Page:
April Fools’ Day

Chanticleer and the Fox by Barbara Cooney

April Fools’ Day (sometimes called ‘All Fools’ Day’) is celebrated every year on the first day of April by playing practical jokes and spreading hoaxes. Pranksters expose their ruse by shouting ‘April Fool.’ Some newspapers, magazines, and other published media report fake stories, which are usually explained the next day or below the news section in small letters. Although popular since the 19th century, the day is not a public holiday in any country.

Geoffrey Chaucer’s ‘The Canterbury Tales’ (1392) contains the first recorded association between the first of April and foolishness. Some precursors of April Fools’ Day include the Roman festival of Hilaria, the Holi festival of India, and the Medieval Feast of Fools.

In ‘The Canterbury Tales’ (1392), the ‘Nun’s Priest’s Tale’ is set ‘Syn March bigan thritty dayes and two.’ Modern scholars believe that there is a copying error in the extant manuscripts and that Chaucer actually wrote, ‘Syn March was gon.’ Thus the passage originally meant 32 days after March, i.e. May second, the anniversary of the engagement of King Richard II of England to Anne of Bohemia, which took place in 1381. In Chaucer’s tale, the vain cock Chauntecleer is tricked by a fox.

In 1508, French poet Eloy d’Amerval referred to a ‘poisson d’avril’ (‘April fool,’ literally ‘April fish’), a possible reference to the holiday. In 1539, Flemish poet Eduard de Dene wrote of a nobleman who sent his servants on foolish errands on April first. In 1686, English antiquary John Aubrey referred to the holiday as ‘Fooles holy day,’ the first British reference. On April 1, 1698, several people were tricked into going to the Tower of London to ‘see the Lions washed.’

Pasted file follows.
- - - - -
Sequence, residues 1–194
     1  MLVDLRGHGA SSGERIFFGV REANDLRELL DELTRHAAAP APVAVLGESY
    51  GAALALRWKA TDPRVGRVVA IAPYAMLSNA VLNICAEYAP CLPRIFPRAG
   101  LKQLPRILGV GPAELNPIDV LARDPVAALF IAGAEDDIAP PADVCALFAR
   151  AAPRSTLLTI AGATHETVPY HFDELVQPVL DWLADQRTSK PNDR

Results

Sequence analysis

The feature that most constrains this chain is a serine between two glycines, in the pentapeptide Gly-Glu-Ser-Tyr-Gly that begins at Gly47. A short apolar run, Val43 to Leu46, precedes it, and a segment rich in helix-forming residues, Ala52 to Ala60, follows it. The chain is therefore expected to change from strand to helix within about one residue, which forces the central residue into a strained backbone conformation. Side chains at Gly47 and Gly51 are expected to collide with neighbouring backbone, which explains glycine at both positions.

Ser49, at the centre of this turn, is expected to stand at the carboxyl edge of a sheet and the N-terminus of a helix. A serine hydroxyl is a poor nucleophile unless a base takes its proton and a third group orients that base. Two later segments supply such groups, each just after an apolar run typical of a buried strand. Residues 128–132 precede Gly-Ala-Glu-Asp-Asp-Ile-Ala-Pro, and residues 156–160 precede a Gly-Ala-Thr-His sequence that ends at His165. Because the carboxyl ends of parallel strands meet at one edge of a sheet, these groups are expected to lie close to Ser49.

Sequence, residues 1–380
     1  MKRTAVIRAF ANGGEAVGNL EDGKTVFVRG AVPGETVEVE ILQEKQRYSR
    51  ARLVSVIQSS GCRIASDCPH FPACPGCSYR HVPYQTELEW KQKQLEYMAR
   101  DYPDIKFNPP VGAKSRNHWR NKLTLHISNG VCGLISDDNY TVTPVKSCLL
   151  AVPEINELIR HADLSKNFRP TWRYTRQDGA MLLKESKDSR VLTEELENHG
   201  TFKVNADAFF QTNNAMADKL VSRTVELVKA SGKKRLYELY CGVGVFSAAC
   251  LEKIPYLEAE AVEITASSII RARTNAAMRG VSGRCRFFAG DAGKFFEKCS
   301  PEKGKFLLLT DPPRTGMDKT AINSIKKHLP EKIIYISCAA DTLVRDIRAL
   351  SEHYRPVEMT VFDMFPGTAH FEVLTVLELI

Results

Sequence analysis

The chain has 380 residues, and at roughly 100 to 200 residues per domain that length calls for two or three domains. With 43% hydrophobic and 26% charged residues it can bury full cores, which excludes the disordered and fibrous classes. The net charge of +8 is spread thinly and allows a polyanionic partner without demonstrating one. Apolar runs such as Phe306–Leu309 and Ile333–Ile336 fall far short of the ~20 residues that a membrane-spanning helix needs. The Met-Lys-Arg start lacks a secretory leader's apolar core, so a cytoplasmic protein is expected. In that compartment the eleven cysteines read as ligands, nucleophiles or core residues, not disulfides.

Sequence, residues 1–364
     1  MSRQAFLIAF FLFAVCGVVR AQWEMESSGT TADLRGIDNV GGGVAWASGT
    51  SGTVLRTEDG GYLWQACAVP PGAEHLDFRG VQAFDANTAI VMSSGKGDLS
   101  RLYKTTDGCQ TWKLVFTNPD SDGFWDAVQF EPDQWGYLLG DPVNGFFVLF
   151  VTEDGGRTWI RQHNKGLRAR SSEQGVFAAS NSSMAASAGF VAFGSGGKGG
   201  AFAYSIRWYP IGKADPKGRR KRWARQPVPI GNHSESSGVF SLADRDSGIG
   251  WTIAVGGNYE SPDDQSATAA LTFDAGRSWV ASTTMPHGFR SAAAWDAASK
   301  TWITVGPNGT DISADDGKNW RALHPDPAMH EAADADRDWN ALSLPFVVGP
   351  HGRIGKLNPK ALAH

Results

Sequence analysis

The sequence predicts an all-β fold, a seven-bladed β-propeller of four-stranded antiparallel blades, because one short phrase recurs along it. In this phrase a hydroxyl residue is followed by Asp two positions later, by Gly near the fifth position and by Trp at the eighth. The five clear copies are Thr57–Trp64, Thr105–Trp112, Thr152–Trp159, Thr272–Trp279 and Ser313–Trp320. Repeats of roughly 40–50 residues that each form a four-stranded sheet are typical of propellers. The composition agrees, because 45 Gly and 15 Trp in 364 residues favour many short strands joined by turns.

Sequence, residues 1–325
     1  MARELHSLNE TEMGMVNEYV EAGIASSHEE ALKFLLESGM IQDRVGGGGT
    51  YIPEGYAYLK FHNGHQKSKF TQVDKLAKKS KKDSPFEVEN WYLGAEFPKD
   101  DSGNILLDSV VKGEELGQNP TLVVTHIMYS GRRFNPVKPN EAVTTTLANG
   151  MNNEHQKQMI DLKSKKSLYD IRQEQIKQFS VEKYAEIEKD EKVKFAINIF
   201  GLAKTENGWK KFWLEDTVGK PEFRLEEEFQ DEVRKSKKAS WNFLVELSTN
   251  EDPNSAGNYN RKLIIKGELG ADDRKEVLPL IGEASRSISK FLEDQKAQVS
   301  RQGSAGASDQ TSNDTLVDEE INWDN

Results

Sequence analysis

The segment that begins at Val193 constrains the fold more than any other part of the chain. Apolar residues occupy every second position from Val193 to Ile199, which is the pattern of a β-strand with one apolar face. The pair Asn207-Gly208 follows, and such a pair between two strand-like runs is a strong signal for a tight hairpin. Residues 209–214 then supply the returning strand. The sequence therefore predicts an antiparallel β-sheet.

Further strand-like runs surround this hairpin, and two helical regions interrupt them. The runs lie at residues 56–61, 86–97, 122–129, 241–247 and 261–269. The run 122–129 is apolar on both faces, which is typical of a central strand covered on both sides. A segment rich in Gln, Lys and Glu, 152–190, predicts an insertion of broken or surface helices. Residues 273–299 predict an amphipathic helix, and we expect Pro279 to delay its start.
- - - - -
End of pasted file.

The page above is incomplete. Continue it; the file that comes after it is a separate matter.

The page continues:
In the Middle Ages, New Year’s Day was celebrated on March 25th in most European towns. In some areas of France, New Year’s was a week-long holiday ending on April 1. Some writers suggest that April Fools’ originated because those who celebrated on the first of January made fun of those who celebrated on other dates.The use of January 1 as New Year’s Day was common in France by the mid-16th century, and this date was adopted officially in 1564 by the Edict of Roussillon.

In the Netherlands, the origin of April Fools’ Day is often attributed to the Dutch victory at Brielle in 1572, where the Spanish Duke Álvarez de Toledo was defeated. ‘Op 1 april verloor Alva zijn bril.’ is a Dutch proverb, which can be translated to: ‘On the first of April, Alva lost his glasses.’ In this case, the glasses (‘bril’ in Dutch) serve as a metaphor for Brielle. This theory, however, provides no explanation for the international celebration of April Fools’ Day.

In the UK, an April Fool joke is revealed by shouting ‘April fool!’ at the recipient, who becomes the ‘April fool.’ A study in the 1950s, by folklorists Iona and Peter Opie, found that in the UK, and in countries whose traditions derived from the UK, the joking ceased at midday. A person playing a joke after midday is the ‘April fool’ themselves. In England ‘fool’ is known by different names according to the part where it is celebrated. If you are fooled on this day you may be known as ‘noodle,’ ‘gob,’ ‘gobby,’ or ‘noddy.’

In Scotland, April Fools’ Day was traditionally called ‘Huntigowk Day,’ although this name has fallen into disuse. The name is a corruption of ‘Hunt the Gowk,’ ‘gowk’ being Scots for a cuckoo or a foolish person; alternative terms in Gaelic would be ‘Là na Gocaireachd’ ‘gowking day’ or ‘Là Ruith na Cuthaige’ ‘the day of running the cuckoo.’ The traditional prank is to ask someone to deliver a sealed message that supposedly requests help of some sort. In fact, the message reads ‘Dinna laugh, dinna smile. Hunt the gowk another mile.’ The recipient, upon reading it, will explain he can only help if he first contacts another person, and sends the victim to this next person with an identical message, with the same result.